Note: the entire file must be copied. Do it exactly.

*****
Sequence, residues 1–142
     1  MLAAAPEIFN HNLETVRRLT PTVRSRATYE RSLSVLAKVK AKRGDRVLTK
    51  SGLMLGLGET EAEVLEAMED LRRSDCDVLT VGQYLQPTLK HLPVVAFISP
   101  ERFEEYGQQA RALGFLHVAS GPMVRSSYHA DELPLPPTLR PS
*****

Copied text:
Sequence, residues 1–142
     1  MLAAAPEIFN HNLETVRRLT PTVRSRATYE RSLSVLAKVK AKRGDRVLTK
    51  SGLMLGLGET EAEVLEAMED LRRSDCDVLT VGQYLQPTLK HLPVVAFISP
   101  ERFEEYGQQA RALGFLHVAS GPMVRSSYHA DELPLPPTLR PS